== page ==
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This year for Lent, I did something different. Rather than the usual approach of giving up something for Lent as a sacrifice like chocolate or adult beverages, I chose the alternative approach and started doing something instead. I don’t recall how I came up with this idea but I decided that I would read one of my dad’s sermons every day during Lent. Having received and organized my dad’s over 700 sermons in 2016, I knew that I wanted to read them all so I thought this would be a good way to get started. And since I had them organized in numerical order from 1 to 710, I naturally started with number 1.

As I sat down that first time to read sermon number #1, I felt a closeness to my dad holding the same pages he had held over 70 years before.

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I also read the cited Bible passage upon which the sermon was based in my dad’s tattered “work” Bible, a chain-reference Bible published in 1934. After reading just the first sermon, I knew I had chosen a wise activity for Lent.

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I don’t know when my dad wrote this sermon but according to the date on the folder, he preached it for the first time in August 1946 in Duncan Oklahoma, a time when he was still in Seminary. It is entitled “Jesus, the Door” and is based on the scripture in John about the shepard’s fold and the single opening where the sheep went in to and out of the fold. It is the parable where Jesus states that he is the door. In the sermon, it was enlightening to read an actual shepard’s response to the question why there was no door in the fold, only an opening. The shepard’s reply was that after the flock went into the fold, the shepard would lay down in the opening acting as the door, preventing the sheep from leaving the fold and predators from getting in.

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For me, it made a clear revelation of this parable like I hadn’t recalled before. Looking at the seven dates my dad gave this sermon, only once could I have even possibly heard this one, a time when I was about 10 years old. But what really sent chills all over me was when I read my dad’s closing comments describing the Holman Hunt painting, “The Light of the World.” It was a copy of this very painting that I remember hanging on my dad’s church office wall. And it is the same painting that my sister got to see on her visit to Europe and which she brought a copy back to me that has now been hanging in my office ever since.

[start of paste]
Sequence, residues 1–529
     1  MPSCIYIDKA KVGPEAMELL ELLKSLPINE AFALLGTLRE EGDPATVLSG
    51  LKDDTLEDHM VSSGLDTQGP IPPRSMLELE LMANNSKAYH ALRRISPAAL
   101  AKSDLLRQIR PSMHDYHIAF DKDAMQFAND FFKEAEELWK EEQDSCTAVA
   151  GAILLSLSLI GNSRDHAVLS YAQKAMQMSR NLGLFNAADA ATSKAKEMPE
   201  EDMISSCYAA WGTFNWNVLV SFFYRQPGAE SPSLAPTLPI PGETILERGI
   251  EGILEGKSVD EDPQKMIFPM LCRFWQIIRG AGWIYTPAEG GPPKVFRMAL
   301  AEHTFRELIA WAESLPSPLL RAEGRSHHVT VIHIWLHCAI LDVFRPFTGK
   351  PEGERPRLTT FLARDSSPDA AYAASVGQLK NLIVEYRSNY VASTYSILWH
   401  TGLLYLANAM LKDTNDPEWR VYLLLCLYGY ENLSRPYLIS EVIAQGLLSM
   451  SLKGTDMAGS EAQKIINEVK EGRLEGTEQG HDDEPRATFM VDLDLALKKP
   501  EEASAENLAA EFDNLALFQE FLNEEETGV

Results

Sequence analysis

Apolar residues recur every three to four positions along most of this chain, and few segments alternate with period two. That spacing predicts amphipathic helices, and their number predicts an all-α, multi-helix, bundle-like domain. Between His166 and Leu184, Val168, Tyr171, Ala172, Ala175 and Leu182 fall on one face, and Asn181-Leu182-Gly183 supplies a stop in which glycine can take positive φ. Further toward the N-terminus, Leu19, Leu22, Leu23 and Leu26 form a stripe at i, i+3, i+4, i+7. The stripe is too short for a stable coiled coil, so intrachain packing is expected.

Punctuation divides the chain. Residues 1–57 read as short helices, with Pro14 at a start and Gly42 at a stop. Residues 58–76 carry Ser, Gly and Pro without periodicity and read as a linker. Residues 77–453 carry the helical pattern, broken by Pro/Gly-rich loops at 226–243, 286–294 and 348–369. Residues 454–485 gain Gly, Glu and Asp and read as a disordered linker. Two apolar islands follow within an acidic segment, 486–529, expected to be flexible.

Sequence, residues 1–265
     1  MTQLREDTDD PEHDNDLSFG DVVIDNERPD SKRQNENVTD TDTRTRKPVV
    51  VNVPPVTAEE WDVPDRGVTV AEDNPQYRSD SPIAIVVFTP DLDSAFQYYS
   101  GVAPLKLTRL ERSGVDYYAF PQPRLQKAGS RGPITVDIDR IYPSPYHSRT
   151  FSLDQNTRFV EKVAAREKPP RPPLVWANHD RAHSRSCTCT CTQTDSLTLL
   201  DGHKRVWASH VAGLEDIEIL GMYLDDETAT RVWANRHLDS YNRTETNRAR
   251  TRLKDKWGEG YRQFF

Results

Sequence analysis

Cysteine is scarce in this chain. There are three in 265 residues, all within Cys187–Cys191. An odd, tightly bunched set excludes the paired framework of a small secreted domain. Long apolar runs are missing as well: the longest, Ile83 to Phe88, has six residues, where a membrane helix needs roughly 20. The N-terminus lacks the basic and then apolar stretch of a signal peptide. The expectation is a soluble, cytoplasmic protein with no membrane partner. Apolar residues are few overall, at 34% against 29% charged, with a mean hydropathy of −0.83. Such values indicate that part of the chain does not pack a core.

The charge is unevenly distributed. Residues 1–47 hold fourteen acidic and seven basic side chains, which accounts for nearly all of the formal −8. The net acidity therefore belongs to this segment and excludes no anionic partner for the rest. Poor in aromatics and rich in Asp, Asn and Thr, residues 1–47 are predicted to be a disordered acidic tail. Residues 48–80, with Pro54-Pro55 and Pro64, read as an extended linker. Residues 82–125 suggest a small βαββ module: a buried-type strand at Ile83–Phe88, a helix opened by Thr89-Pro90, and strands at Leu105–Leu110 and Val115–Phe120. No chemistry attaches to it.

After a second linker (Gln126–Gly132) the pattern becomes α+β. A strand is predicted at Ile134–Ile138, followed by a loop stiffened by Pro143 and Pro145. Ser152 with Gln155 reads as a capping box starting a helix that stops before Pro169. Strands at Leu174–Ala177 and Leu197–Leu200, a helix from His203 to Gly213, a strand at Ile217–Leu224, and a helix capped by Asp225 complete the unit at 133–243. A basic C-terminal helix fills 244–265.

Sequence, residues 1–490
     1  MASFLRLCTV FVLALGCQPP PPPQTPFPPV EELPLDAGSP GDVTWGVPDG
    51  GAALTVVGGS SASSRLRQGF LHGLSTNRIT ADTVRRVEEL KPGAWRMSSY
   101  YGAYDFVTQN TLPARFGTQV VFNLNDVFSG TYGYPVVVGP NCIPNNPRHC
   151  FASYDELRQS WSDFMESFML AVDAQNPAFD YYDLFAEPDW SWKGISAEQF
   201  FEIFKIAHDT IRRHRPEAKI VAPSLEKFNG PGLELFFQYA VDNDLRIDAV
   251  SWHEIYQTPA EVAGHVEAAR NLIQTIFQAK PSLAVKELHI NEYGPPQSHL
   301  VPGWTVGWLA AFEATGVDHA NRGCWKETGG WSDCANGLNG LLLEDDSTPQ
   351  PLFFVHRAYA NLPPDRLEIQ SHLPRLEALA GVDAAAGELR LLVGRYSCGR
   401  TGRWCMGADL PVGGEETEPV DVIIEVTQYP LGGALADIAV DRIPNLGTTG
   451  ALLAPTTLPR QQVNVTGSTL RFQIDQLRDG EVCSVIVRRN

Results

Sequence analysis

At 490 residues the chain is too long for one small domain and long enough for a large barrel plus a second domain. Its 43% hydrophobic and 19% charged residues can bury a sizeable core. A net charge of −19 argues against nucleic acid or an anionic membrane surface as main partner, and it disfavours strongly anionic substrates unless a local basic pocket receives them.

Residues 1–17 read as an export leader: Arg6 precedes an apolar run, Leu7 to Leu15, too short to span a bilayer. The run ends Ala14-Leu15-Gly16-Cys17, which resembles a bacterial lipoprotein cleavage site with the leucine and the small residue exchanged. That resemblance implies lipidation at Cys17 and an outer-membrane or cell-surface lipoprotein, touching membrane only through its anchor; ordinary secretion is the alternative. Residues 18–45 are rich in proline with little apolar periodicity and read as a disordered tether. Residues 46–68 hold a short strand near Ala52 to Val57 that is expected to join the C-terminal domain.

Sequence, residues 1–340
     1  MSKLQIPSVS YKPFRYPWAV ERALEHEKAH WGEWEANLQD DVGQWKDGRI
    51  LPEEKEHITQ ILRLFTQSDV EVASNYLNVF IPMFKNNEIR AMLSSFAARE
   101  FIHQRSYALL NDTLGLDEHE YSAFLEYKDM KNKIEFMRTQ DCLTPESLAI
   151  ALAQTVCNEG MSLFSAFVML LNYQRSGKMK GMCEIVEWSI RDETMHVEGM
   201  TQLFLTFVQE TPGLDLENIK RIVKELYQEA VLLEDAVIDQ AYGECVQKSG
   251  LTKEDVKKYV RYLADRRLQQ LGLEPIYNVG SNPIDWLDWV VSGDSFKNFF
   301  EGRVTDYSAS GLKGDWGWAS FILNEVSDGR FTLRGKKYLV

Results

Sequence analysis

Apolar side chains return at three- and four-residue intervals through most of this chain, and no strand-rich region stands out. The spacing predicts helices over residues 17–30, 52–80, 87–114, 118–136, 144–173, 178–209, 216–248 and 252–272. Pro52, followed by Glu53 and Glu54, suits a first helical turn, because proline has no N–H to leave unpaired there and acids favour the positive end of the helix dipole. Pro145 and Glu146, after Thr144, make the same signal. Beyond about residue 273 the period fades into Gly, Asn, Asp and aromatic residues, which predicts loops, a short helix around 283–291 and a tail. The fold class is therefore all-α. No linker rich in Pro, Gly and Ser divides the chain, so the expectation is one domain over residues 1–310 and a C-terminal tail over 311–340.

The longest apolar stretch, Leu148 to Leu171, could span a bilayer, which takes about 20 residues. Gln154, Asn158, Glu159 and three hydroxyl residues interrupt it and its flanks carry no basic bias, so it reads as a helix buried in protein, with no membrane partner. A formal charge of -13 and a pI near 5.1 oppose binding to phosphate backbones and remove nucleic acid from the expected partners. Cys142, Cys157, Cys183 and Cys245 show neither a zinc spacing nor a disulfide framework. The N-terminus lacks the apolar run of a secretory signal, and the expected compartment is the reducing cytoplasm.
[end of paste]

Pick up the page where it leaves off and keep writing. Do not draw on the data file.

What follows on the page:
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I never knew the significance of that painting. That it was a direct tie back to my dad’s very first sermon, a talisman of where he got started. What a way to begin Lent!

And just five days into Lent, I came across another significant sermon: number 5 entitled “If Christ Be Not Raised!”

As I thought about it, I realized that writing a sermon about Easter and the Resurrection was probably one of the most important ones ever written by a young minister. As any Christian knows who has attended an Easter service and experienced the crowd, this one Sunday is the most widely attended of any in a calendar year. So a minister would want this sermon to be one of his better ones. And with Dad’s, I was not disappointed.

Based on Paul’s first letter to the Corinthians (I Corinthians 15:1-20) where Paul writes about doubts that have arisen of a resurrection, Paul addresses three aspects that would be anathema to early Christians if Christ had not been raised from the dead; namely that their faith would be in vain, their sins not forgiven, and the dead gone before them perished with no hope of life ever after.

Then in archetypal fashion of including three main points in a sermon, Dad proceeded to build very logical arguments around each of these three that for a Christian would leave no doubt of their importance in supporting a belief in Jesus’ resurrection.

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In all my years of attending church/mass, it was the best Easter sermon I recalled hearing, and for my private reading, one with no crowds. My Dad must have agreed as he gave it almost annually every Easter for his first ten years of preaching.

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As I wrote previously about my dad’s sermons, also included in the numbered folders were the church bulletins from the services in which he gave the sermon. I delighted in seeing the “retro” cover image of some of these bulletins.

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In this one from April 17, 1949, there was a bonus: a note of welcome to my mom and dad on becoming the pastor at the First Presbyterian Church of Tallulah, Louisiana, his first church after graduating from Seminary and just months after his February marriage to my mom.

Then I realized that not only would I learn some things from reading my dad’s sermons, but I would also get a bit of family history from the stories told in the bulletins. Another bulletin announced our family’s vacation to Richmond, Virginia, a trip I well remember.

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So this is how I spent my journey through Lent, reading my dad’s sermons, learning from his words written long ago, and feeling as close as I have to him since his death over 15 years ago.

A Tale of Two Cabinets: Dad’s Sermons – Getting Them Organized.